In the mid-’90s I attended Philosophy graduate school when something called “deconstruction” was all the rage. In a nutshell, deconstruction criticizes a Western philosophical assumption that the natural and social worlds are objective and fully comprehensible through science. By contrast, deconstruction (and the related term “postmodern”) claims that scientific knowledge can’t represent all of natural and human life: knowledge is subjective and always partial or fragmented. Deconstruction suggests that complete representation of an object is impossible, and this sensibility has infused the Humanities and the art world. The term “deconstruct” eventually became a buzzword meaning to “overanalyze” or “take apart.” (As in, “OMG, they like totally deconstructed that movie.”)
However overused the term “deconstruction” is today, it remains a powerful backdrop to some of the more innovative artwork that rejects binary logic and tilts the dualistic deck toward concepts of subjective over objective, fragmentation over wholeness, flux over stillness, impermanency over permanency, fluidity over linearity, and lived over calculable time. Sophie Kahn’s 3D printed artwork is just such a concrete example of these more abstract and philosophical ideas, and she has her own aesthetic philosophy — gleaned from her confrontation with heavy issues like death and technology — that guides her overall project. Kahn’s artwork greets life by embracing its more repressed themes such as decay, madness, and death
Sophie Kahn’s 3D printed sculptures (along with her illustrations and videos) fit deconstructionist ideas, as she blurs lines between old/new media, digital/physical realms, and interior/exterior spaces. Haunting works that do not shy away from the deeply human issues of time, memory, history, identity, sanity, and the body, Kahn’s pieces are spectral fragments, haunting reminders of traumatic loss and fossil-like decay. Take, for example, her recent Période de délire, which illustrates a moment of madness as the body crouches into itself, away from a hostile world. But the body does not appear comforted, as it kneels on a seeming bed of nails.
Maybe it’s depressing, but Kahn’s figures are still here, in the world, and this gives Kahn’s work a hopeful tinge amidst the otherwise harsh and looming reality of aging and death. Her figures are not gone, only greatly — and perhaps only momentarily — compromised. Kahn’s creative process is well worth noting here as she blends “ancient and futuristic” techniques that are all embodied in “the resulting objects” that “bear the artifacts of all the digital processes they have been through.” She 3D scans bodies using a Polhemus hand-held laser scanner which never results in a perfect scan because it registers the smallest movements, such as when lungs breathe or eyes blink. Kahn described part of her technical process to 3Dprint.com:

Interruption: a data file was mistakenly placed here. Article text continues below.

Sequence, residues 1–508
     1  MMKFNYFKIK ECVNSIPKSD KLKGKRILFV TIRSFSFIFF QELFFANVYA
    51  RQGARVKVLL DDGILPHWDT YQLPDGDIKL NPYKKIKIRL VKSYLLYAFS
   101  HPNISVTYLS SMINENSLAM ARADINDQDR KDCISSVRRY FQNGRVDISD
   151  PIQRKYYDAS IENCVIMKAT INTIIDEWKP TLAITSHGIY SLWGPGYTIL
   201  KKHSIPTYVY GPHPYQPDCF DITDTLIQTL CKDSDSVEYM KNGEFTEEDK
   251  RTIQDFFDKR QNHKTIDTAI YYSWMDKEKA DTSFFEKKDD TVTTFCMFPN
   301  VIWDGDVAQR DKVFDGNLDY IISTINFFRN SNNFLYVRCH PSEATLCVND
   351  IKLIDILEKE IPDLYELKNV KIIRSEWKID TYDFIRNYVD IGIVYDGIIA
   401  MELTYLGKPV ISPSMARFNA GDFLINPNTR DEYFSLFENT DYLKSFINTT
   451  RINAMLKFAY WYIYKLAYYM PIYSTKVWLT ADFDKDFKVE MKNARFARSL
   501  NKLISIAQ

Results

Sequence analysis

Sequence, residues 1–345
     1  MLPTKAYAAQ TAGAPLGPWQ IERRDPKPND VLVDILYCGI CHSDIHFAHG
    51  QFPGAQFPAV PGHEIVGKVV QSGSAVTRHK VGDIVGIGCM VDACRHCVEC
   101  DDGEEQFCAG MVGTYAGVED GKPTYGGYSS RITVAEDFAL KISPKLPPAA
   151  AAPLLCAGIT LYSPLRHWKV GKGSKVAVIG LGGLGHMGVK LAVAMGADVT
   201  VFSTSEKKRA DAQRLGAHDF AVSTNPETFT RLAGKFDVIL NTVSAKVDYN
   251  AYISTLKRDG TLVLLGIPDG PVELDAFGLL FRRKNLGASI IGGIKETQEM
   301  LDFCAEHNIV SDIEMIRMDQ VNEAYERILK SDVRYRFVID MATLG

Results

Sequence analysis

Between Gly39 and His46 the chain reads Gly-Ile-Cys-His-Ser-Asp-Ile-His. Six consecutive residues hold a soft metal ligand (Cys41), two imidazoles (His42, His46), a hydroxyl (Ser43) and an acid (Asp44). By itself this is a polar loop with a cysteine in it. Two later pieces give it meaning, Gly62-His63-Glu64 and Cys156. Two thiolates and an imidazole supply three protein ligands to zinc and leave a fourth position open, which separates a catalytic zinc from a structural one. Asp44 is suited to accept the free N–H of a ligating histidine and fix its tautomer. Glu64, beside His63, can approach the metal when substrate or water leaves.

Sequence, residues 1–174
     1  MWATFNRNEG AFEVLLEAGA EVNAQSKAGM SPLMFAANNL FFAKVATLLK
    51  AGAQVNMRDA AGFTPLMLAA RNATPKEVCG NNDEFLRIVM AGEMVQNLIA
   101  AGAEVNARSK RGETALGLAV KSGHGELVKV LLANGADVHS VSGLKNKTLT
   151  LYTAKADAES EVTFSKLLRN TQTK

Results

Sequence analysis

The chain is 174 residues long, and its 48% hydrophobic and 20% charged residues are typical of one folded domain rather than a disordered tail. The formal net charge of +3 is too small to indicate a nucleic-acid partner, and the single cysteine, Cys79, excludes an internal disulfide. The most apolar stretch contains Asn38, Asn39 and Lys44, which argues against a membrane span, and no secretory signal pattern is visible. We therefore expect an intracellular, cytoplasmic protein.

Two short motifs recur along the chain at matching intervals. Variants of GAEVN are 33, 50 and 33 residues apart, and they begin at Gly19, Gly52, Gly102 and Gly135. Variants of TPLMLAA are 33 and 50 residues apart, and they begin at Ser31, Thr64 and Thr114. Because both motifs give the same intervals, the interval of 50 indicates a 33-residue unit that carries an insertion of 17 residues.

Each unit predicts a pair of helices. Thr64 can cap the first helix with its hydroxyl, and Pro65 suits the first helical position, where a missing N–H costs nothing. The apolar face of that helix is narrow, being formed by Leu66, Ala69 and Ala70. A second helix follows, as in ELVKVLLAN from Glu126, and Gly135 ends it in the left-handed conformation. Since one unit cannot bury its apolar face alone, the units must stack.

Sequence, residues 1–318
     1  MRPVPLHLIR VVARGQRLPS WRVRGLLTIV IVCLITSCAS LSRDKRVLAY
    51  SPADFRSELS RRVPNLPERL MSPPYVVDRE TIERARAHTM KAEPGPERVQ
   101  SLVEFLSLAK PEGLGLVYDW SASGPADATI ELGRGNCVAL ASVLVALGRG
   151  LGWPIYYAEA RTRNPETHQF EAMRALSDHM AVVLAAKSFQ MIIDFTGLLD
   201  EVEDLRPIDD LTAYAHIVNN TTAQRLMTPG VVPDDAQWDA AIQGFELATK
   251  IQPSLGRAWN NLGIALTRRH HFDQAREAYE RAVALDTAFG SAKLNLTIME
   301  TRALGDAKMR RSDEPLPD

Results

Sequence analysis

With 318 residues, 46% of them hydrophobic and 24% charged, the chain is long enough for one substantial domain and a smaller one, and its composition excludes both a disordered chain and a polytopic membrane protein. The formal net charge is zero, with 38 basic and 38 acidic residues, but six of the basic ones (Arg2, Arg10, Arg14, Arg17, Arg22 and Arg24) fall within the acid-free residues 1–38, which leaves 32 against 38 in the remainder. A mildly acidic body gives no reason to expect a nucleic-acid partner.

“I start with a 3D laser scan, of my body or a model’s. I use a Polhemus handheld laser scanner, which I heavily ‘misuse’ to generate error and glitch. I work like a photographer, making a large number of scans and choosing only a few. I then edit those scans further, breaking them down and revealing negative space. For this I use Rhino, Maya, Netfabb, Mudbox and other programs. Lastly, I have to prepare the scan for 3d printing, making sure it is printable in my chosen material. I use Netfabb for this step. Recently I have been experimenting with generating supports to include in the final work, using Meshmixer and Photoshop… Each work takes several weeks for me to sculpt digitally because I can be obsessive about the form and details…”
Kahn takes the digital designs generated from “conflicting spatial coordinates” and then casts her sculptures from 3D printed molds. She explains:
“The smaller, cast metal pieces are made using a Dimension FDM printer (I like the build line detail when it’s cast in another material.) These were done at SAIC when I was in grad school. Otherwise I use the Shapeways EOS nylon printers.”
The mood of her work is initially somber, as it directly addresses impermanence and the impossibility of fixing (our bodies) in a moment of time. This isn’t morbid if you believe the truth of life’s finitude is more uplifting than the illusion of infinity. As Kahn explains about her sculptures:
“They also speak to the impossibility of ever capturing more than a trace of the past, or of a living, breathing body, despite our grandest efforts to fix it in place. This concern with the instability of memory and representation is the common thread that weaves together the ancient and futuristic aspects of my work.”
In a video from her website (also viewable below), Kahn explains how digitally scanned imperfections are really the poetics of technology’s failure to capture life. Kahn paraphrases novelist and critic Tom McCarthy’s argument that new technologies provide the dangerous illusion of frozen time, denying the inevitable passage toward illness, death, and decay. Kahn expounds:
“We work so hard to build these technologies as a hedge against death, to freeze life and to stop time. But what you end up building is your own tomb… I’m interested in exploring the ways that technology can fail to capture life and what the poetics of that failure might look like. We live in a world where we are so bombarded with claims for all-seeing, all powerful imaging technologies, and it’s my belief that as artists destabilizing those through poetics might be the strongest weapon that we have.”